Magnificent! This is truly superb, and surpasses Ulysses in its maturity and breadth. The best to say of this is as little as possible. Language - as the grammatically written/the phonetically spoken/ the culturally literate * illiterate * dialect * and categorical - is so spellbinding that the word bursts forth into the infinite plethora of (mis)understanding that makes up the whole of this novel. To read Finnegans Wake is not to come out of it knowing something and to try and understand what is WRITTEN is what I would consider to be the wrong way to take it. To judge it on its "erudition" is to bastardize it. One enters in as oneself, and leaves without a self. The language of life is broken down by the diaspora of meaning and the meaning of meaning ad infinitum - whence we are finally united at the "end" with Anna Livia's soliloquy. The best way to describe this book to someone else is simply to say of H.C.E. as he says of himself: Here Comes Everybody. ( )
1 vote PhilSroka | Apr 12, 2016 |
Showing 1-5 of 46 (next | show all)
E' formidabile! Ma chi lo legge?

Esce negli Oscar l'opera più ardua
di Joyce: un'impresa insormontabile sviscerarlo e tradurlo, esempio massimo di capolavori tanto citati quanto sconosciuti

Esistono grandi libri illeggibili, e grandi libri non molto letti. Una sera da Rosati, nella via Veneto di Flaiano, primi Anni Cinquanta, due giovani giornalisti, uno calabrese uno toscano, fingevano di conoscere La recherche, e di averla trovata noiosa. «Si ripete...» dicevano. A un tavolo vicino il critico teatrale Sandro De Feo, un proustiano doc, drizzò le orecchie. «Non sapete di cosa state parlando» si inserì. E cominciò a fare loro domande. «Vediamo un po’, come si chiama la duchessa de Guermantes?», «Chi è la zia del baron de Charlus?». I due farfugliarono, si impappinarono. Alla fine il toscano, che era il più sincero, confessò: «O Sandro... ’un s’ebbe tempo!»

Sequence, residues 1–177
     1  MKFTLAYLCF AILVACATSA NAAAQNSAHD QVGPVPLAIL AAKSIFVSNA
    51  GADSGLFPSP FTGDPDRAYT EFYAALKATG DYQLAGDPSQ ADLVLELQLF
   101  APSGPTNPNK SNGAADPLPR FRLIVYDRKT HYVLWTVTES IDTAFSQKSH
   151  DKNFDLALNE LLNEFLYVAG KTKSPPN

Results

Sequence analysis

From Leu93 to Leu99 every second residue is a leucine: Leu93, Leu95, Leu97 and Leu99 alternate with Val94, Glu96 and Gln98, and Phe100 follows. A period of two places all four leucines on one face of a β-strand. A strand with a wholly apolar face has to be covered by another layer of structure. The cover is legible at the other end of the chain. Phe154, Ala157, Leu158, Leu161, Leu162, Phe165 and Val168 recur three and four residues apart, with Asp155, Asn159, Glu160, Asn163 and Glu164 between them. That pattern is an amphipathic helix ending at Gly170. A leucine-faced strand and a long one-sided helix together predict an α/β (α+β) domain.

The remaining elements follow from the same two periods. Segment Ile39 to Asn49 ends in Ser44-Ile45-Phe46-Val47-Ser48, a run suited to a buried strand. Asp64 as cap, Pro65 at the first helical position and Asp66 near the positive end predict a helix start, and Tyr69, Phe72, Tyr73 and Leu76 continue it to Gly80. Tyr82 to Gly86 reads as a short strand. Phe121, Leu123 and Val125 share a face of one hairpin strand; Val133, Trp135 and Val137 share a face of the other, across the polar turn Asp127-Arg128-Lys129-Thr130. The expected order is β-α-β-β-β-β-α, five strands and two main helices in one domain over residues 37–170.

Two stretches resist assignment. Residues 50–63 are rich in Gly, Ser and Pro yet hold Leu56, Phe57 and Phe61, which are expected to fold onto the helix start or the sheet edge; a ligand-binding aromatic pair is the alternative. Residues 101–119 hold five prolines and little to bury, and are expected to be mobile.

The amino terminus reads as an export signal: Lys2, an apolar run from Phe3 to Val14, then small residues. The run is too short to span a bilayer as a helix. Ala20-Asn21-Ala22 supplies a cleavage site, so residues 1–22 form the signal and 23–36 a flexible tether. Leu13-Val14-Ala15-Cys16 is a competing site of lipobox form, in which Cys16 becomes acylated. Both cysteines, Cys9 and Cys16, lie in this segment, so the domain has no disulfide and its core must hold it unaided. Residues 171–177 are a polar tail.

Be’, non tutti hanno letto Proust, ma oggi non esiste lettore acculturato che non abbia perlomeno gli strumenti onde fingere convincentemente di averlo fatto. Lo stesso si può dire per il più famoso libro di James Joyce, altro pilastro del rinnovo del romanzo nel Novecento. Quando Ulisse uscì con enorme risonanza fu anche un successo di scandalo, e la sua pubblicazione negli Stati Uniti (se è per questo, anche nell’Irlanda patria dell’autore) fu severamente proibita. Molti intellettuali protestarono, e in prima fila si distinse il giovane ma già celebre Hemingway, che ne importò personalmente di contrabbando e diffuse molte copie. Peccato che la sua, ritrovata dopo la morte, fosse rimasta intonsa tranne le prime poche pagine.